Not until the changed spiritual and social conditions of modern times did serious attempts take place within the Protestant sphere to regain the original understanding of the Christian testimony towards the Jews. This is true especially of the period since the rise of pietism which in reference back to the Reformation re-expounded the freedom of the Gospel and converted the idea into practice. The social superiority of Christianity thus, through the conscious turning towards the personal testimony of individual Christians towards individual Jews, no longer adopted the importance it had earlier possessed. It was from such motives connected with belief that the Mission to the Jews came into being. Thus fruitful encounters between Christians and Jews took place. This awakened a new Christian interest in Judaism, not least in the academic world. The fact that since the Enlightenment an increasing number of Jews have for mainly social reasons become Christians is only partly related to the Mission to the Jews.
After a period of growing anti-Semitism in the 19th and 20th centuries, in which also isolated Christiansmade their stand in protecting Jews after the terrible events of the National Socialist Jewish persecution, the position has changed in several respects. The Church has lost much of its earlier importance in public life, and through its far-reaching failure during the Jewish persecution has been renewed in the impartiality of its testimony towards the Jews and has been shaken in a most comprehensive manner.
The conviction in one's own belief necessary for a fruitful encounter has been greatly hampered in the past by failures in and ill-conceived forms of Christian application. Even today there are still some missionary practices which offer the Jews well-founded reasons for mistrust; they are even decisively rejected by the Church and also by those who stand for a missionary testimony towards the Jews.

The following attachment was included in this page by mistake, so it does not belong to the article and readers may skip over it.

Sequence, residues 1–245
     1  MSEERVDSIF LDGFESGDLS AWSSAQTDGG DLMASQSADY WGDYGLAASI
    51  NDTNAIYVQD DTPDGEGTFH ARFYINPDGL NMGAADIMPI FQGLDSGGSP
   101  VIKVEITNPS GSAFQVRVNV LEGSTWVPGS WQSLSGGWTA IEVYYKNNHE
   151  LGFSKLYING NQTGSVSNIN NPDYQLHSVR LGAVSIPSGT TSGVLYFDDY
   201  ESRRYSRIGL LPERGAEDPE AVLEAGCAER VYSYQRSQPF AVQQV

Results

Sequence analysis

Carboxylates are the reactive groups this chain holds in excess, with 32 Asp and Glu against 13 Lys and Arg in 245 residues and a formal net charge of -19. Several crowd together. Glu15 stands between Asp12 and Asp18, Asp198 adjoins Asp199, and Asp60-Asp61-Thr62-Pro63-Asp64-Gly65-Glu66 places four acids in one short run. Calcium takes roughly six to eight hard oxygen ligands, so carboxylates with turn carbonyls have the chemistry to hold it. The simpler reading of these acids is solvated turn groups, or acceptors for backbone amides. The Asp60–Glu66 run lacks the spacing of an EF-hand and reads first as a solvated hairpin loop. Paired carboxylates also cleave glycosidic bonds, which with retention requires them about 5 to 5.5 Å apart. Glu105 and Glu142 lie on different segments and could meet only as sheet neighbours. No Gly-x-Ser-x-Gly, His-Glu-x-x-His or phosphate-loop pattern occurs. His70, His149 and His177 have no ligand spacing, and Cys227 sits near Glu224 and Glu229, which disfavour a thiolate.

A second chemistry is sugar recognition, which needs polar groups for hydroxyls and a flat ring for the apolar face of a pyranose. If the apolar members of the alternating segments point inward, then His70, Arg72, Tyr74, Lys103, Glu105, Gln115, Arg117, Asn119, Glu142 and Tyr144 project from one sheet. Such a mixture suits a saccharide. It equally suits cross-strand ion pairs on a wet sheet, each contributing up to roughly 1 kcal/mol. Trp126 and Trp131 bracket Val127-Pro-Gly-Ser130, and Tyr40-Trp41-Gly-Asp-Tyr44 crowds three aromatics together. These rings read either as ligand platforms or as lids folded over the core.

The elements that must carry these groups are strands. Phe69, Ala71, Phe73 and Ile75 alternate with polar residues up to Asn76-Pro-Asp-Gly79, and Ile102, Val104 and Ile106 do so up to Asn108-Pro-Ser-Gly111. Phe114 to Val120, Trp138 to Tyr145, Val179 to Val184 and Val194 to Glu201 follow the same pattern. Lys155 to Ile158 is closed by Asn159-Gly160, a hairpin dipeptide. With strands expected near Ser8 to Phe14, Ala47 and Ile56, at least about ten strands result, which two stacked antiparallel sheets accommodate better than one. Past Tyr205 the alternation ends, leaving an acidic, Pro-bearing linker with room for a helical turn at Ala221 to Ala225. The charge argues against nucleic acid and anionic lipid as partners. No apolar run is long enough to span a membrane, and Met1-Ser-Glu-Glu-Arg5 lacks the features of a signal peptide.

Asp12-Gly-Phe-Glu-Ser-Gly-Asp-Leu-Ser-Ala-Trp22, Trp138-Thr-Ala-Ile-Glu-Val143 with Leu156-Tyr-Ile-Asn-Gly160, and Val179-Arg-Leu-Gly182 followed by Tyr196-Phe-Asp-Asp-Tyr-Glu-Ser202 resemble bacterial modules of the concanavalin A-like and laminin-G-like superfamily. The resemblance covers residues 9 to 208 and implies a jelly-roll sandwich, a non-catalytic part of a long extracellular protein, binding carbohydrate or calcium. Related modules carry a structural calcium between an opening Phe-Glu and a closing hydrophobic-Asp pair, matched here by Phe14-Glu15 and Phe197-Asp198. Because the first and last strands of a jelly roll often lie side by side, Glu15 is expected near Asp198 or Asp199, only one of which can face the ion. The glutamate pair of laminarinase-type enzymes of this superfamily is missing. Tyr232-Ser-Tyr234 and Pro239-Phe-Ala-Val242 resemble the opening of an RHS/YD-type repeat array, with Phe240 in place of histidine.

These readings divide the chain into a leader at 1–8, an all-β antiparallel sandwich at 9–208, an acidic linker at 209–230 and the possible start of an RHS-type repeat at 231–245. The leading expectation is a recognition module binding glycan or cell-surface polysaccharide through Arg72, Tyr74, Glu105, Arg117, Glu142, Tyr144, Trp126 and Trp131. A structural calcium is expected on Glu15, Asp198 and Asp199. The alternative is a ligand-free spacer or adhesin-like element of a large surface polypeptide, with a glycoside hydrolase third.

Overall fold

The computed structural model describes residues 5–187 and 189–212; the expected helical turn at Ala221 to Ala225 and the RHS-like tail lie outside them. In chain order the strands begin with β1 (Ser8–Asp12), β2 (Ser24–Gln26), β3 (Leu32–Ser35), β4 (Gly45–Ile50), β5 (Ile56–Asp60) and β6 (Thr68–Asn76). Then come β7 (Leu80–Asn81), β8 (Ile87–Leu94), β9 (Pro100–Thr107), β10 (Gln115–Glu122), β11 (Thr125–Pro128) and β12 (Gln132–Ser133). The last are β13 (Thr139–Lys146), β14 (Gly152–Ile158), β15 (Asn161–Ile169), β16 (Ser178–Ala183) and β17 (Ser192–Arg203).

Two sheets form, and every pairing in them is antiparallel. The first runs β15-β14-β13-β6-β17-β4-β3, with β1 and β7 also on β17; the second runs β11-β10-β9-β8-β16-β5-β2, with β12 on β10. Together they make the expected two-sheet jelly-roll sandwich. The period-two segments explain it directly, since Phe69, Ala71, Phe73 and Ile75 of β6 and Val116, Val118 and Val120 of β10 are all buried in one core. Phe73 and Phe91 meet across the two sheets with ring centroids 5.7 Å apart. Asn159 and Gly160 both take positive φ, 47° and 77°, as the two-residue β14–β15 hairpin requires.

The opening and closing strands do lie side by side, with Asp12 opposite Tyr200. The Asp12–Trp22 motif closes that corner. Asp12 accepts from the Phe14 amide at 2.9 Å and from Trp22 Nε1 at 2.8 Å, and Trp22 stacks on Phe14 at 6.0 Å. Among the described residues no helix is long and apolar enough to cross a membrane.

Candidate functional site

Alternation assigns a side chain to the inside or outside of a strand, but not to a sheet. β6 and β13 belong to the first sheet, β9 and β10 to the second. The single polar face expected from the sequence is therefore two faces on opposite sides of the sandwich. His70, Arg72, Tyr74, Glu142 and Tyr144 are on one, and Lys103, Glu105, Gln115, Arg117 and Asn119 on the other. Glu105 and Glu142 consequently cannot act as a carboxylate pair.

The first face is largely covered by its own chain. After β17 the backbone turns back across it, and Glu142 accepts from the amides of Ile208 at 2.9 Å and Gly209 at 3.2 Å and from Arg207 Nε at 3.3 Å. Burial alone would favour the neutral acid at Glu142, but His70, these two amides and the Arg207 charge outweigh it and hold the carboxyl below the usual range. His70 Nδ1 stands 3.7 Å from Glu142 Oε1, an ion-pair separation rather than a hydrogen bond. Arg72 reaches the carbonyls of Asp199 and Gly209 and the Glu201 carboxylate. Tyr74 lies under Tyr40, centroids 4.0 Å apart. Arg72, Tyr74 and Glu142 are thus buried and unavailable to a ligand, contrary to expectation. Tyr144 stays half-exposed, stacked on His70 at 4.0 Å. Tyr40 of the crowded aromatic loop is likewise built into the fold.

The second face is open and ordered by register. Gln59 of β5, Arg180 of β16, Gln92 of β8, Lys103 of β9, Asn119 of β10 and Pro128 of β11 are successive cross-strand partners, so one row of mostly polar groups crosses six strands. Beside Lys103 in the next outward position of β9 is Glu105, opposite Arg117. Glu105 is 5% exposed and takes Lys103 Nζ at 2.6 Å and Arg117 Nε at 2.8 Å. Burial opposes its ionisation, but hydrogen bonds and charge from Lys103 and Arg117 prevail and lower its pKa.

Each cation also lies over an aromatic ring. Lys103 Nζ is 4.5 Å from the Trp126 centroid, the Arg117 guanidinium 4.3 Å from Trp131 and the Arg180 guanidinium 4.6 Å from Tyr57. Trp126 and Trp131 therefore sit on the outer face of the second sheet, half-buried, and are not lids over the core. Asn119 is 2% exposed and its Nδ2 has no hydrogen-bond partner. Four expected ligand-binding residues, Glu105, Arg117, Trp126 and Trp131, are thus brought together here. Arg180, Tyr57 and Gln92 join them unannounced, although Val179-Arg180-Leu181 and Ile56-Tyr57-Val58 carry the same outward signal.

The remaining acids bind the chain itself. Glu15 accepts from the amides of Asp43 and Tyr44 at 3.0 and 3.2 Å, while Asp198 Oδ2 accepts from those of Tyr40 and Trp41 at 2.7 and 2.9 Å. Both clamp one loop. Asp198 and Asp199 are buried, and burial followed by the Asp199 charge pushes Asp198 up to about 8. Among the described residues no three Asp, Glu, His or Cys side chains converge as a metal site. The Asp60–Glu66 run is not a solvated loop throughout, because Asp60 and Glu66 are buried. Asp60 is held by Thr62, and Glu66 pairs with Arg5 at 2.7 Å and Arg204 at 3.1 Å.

Such misuse does not release the Christians from the real effort to account for the Gospel in relation to « the hope that is in you » (I Peter 3:15). Belief can not remain silent.
After everything that has happened there are a great variety of opinions in relation to the question how the Christian testimony towards the Jews can continue in the right way. In past years the discussion about it has above all revolved around the two concepts « mission » and « dialogue». Often they were understood as mutually excluding opposites. In the meantime however the understanding has developed that mission and dialogue are two dimensions of the one Christian testimony. This understanding also completely conforms with the modern understanding of Christian mission.
Not only the concept « Mission » but also the concept « Dialogue » is a loaded term for the Jews as a description of the Christian testimony. Therefore the Christians have before them the duty to consider how they understand this testimony that Jesus Christ means salvation for all men in relation to the Jews, what terms they should use to describe it and give it meaning.
The Church is not allowed to neglect this, but frankly to express that she herself needs the conversations with Judaism, for here she comes up against the experiences with the God of the Bible, which can help every Christian to considerably deepen his understanding of his identity. This is of fundamental importance for the continuing possibilities for the encounter between Christians and Jews.